- Winterizing antifreeze can be run through the system to clear out any water present. You’ll want to check in on your boat periodically over the winter to ensure that it is in good condition. Sometimes water can be where you least expect it and a line may freeze despite your best efforts.
- Check the bilge to ensure it’s still dry. A quick inspection of lines, hoses and the engine are recommended.
Risks of Using a Boat Heater
Some boaters recommend using a heater to get through the winter. Small space heaters or heat lamps plugged it and directed at the engine block and other systems are common. This may get you through the winter once or twice, but it’s a very bad idea.
Heaters can short out or break. That can result in freeze damage that cracks pipes and engine blocks. In addition, heat lamps or heaters can overheat and cause fires.
Power outages are common during things like winter storms. A heater can end up losing power at the exact moment when you’d need it most. That can mean the boat will freeze right after the heater fails and your boat engine could be ruined.
Winterizing in a Marina
Storing your boat at a marina for the winter is never a bad idea. These can keep your boat safe and secure. But you need to make sure you have a contract for what is expected.
- Many marinas are just going to store your boat. You may be surprised to learn how many boaters expect winterizing as a benefit of winter storage.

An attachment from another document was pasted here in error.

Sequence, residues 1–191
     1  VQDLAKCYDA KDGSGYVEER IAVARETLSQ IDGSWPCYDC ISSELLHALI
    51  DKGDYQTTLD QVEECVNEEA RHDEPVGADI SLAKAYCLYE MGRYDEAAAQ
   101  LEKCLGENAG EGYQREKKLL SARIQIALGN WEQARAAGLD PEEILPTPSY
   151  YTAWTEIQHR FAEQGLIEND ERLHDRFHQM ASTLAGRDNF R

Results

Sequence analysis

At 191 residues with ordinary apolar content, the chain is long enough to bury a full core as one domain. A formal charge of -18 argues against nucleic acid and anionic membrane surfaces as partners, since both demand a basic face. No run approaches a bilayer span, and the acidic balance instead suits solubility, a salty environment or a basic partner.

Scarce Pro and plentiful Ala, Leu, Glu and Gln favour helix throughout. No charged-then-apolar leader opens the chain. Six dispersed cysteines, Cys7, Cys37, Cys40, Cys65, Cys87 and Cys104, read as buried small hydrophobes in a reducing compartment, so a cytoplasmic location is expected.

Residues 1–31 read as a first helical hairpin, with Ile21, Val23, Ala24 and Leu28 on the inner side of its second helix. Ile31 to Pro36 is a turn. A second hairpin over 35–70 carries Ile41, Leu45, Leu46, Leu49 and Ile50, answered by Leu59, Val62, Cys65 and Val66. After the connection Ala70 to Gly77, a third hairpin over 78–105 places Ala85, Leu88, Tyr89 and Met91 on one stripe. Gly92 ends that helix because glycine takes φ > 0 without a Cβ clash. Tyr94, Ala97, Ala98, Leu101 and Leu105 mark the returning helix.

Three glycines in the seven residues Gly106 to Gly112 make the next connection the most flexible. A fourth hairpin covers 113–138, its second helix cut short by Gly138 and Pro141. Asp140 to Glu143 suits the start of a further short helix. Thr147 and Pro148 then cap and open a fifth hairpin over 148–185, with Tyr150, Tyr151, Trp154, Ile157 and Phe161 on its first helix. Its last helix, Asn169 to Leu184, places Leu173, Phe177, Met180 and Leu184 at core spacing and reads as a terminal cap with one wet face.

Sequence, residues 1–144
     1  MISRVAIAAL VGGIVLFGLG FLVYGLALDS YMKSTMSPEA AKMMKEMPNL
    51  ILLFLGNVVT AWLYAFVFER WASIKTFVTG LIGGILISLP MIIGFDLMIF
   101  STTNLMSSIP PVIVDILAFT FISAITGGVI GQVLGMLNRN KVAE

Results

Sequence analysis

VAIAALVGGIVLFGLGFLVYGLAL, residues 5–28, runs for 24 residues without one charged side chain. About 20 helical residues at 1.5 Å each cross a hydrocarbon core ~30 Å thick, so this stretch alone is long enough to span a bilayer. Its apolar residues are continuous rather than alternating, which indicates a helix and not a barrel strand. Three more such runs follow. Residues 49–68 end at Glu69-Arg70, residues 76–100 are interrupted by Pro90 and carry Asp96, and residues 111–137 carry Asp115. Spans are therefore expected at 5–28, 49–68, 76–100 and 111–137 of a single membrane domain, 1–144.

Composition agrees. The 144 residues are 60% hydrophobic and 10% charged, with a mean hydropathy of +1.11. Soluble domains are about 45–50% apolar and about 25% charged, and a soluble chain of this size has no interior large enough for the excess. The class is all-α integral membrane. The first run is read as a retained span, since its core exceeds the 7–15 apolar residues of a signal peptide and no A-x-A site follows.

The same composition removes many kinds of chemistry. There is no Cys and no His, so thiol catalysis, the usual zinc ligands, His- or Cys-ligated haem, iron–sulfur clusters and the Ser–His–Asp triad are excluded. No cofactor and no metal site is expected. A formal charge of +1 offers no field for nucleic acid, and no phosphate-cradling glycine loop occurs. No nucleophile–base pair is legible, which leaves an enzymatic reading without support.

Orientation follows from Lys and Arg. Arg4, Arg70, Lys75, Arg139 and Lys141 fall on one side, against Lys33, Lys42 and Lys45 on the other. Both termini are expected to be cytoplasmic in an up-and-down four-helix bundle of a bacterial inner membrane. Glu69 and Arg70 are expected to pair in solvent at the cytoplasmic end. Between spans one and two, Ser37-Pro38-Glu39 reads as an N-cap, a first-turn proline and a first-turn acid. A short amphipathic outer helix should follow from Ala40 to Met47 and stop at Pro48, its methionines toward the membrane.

- Most marinas will not touch your boat in preparation for the winter. You have to specifically pay for someone to winterize your boat.
- Never expect it as a part of your winter storage. If this was not a service the marina offered and you accepted, it won’t happen.
Hiring Someone to Winterize Your Boat
The process of winterizing a boat can be stressful and time consuming. If you’re not used to it or don’t have the time, you may want to hire someone. If you choose this as a course of action, make sure you are being careful and thorough.
- Write out a clear contract for what you are going to have done. You want this to spell out every step the person or company is going to take. Just saying “winterizing” is not specific enough. Itemize your list. Include things like the engine, the manifold, the bilge, the plumbing, and so on.
- Make sure you know what needs to be winterized. Don’t forget things like the head. Anything you forget that is not in the contract could end up breaking if it’s not properly winterized. If the company was not contracted to winterize it, the responsibility falls back on you.
- Use a credit card to pay once you have finalized a contract. If necessary you can work with your credit card company to dispute charges later. This may be necessary if the boat is not properly winterized. But you have a signed contract showing what was supposed to have been done.
The Bottom Line
The process of winterizing a boat does not have to be a difficult one. It does have to be done carefully and with attention to detail. Make sure you understand every part of your boat that needs to be winterized and why. This is important even if you’re hiring someone else to do the work.
Make sure you use winterizing antifreeze which is non-toxic. Read the labels of any product before use and follow the directions precisely. Anything that holds water in your boat needs to be properly winterized to avoid cold weather damage including burst pipes or a cracked engine.
Warm, southern states often have the most winter damage claims because boaters don’t think they need winterization. More and more often, states like Texas and Florida suffer harsh winters and boats end up needing thousands of dollars in repairs. Plan ahead to make sure it doesn’t happen to you.